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[af-roh-uh-mer-i-kuh n] /ˌæf roʊ əˈmɛr ɪ kən/
noun, adjective
Origin of Afro-American
An Americanism dating back to 1850-55
Usage note
See black. Unabridged
Based on the Random House Dictionary, © Random House, Inc. 2018.
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Examples from the Web for Afro-American
Historical Examples
  • There are 18 Afro-American women who are competent land surveyors.

  • So must we train ourselves to say the right name, "Afro-American."

  • To say "Afro-American" is to reunite us to our forefathers, both by blood and language.

  • It was not enough that a freeborn Afro-American should be caught kneeling to an Englishman.

    Excuse Me! Rupert Hughes
  • He, too, is a great writer in defense of the Afro-American race.

  • The mob spirit has grown with the increasing intelligence of the Afro-American.

    Southern Horrors Ida B. Wells-Barnett
  • To the Afro-American the South says, "the white man must and will rule."

    Southern Horrors Ida B. Wells-Barnett
  • Many other eminent men have shared the same opinion, and not a few prominent leaders among the Afro-American people.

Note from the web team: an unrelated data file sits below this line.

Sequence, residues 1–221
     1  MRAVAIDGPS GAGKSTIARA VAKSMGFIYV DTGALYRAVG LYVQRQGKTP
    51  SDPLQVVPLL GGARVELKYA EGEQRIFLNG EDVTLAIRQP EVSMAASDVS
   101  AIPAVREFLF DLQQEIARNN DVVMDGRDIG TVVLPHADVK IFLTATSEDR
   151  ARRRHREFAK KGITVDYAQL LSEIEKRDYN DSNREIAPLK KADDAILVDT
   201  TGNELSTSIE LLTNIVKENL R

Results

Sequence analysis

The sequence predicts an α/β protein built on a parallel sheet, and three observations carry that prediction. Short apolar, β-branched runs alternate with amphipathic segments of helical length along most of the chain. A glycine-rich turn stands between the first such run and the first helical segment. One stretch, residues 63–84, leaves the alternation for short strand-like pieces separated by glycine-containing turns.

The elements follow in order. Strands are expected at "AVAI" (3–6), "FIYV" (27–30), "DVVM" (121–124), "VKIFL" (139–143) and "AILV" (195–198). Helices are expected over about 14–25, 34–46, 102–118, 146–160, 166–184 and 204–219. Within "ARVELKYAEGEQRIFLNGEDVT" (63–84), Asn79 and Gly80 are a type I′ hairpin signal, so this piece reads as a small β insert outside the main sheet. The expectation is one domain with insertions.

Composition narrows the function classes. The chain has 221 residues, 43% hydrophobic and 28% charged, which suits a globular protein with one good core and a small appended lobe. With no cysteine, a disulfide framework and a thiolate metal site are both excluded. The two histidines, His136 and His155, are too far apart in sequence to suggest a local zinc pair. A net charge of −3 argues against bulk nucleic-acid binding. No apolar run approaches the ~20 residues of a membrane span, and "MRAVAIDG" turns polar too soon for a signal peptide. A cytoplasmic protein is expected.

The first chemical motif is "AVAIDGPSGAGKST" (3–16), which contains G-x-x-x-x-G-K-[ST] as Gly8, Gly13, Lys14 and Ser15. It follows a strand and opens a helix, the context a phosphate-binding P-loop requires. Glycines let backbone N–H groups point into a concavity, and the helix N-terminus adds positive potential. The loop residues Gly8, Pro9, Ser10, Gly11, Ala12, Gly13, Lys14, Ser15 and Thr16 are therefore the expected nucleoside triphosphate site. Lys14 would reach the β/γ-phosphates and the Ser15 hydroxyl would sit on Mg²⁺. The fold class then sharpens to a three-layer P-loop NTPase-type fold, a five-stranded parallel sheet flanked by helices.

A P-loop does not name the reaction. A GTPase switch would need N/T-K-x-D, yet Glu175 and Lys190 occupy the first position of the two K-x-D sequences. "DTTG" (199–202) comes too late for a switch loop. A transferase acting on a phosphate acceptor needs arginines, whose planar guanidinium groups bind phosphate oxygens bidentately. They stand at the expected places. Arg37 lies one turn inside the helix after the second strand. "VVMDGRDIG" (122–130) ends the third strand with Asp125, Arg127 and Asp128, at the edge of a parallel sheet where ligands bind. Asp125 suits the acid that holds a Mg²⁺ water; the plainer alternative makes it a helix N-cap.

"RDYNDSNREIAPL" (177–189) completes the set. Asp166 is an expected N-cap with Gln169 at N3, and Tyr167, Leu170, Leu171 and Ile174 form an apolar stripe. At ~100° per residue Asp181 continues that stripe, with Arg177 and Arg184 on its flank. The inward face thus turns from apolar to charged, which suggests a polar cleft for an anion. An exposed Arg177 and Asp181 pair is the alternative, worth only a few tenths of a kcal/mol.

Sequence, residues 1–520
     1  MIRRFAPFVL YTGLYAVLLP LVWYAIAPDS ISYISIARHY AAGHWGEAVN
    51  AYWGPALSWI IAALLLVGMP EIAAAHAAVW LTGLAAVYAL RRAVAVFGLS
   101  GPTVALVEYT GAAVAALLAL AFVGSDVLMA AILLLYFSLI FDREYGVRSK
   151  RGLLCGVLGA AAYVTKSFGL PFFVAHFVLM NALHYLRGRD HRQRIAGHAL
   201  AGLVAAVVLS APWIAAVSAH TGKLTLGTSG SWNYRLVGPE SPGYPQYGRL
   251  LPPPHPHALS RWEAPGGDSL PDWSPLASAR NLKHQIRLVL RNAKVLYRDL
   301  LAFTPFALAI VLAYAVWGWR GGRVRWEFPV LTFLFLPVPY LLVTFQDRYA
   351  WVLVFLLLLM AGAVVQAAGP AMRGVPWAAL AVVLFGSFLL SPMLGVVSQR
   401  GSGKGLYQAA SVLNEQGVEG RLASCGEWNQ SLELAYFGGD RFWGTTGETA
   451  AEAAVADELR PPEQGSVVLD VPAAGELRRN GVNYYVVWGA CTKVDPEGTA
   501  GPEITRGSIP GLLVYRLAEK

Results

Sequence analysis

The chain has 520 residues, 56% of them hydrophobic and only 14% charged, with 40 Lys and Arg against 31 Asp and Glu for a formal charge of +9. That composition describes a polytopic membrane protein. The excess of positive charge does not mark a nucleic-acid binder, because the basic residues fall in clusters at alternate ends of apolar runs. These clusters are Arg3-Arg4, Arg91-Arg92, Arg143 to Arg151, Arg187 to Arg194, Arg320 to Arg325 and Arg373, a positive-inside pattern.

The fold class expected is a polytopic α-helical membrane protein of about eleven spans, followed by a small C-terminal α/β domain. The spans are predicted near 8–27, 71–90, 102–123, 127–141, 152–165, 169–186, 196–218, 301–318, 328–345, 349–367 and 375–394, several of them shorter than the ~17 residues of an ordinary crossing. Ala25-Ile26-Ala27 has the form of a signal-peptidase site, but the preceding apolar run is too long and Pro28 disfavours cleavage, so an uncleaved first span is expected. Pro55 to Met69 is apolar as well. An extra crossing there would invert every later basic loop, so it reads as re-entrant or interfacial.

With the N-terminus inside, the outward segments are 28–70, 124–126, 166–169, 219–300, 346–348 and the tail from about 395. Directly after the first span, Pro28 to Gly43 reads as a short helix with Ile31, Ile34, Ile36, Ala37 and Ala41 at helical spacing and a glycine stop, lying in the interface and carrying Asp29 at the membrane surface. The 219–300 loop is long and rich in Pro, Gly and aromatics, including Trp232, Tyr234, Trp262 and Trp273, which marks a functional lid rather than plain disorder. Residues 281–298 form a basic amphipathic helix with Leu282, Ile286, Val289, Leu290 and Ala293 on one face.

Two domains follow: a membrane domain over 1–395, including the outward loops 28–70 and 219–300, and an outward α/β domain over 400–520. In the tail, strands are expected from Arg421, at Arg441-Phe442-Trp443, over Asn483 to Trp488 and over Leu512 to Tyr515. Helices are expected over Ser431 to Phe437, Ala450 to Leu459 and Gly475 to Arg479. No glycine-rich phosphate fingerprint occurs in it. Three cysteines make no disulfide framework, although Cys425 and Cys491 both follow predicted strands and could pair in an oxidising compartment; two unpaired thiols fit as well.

Thomas Jefferson Edward S. Ellis et. al.
  • The more the Afro-American yields and cringes and begs, the more he has to do so, the more he is insulted, outraged and lynched.

    Southern Horrors Ida B. Wells-Barnett
  • The Afro-American himself did not know as he should have known as his journals should be in a position to have him know and act.

    Southern Horrors Ida B. Wells-Barnett
British Dictionary definitions for Afro-American


noun, adjective
another word for African-American
Usage note
This word has been replaced in general use by African-American
Collins English Dictionary - Complete & Unabridged 2012 Digital Edition
© William Collins Sons & Co. Ltd. 1979, 1986 © HarperCollins
Publishers 1998, 2000, 2003, 2005, 2006, 2007, 2009, 2012
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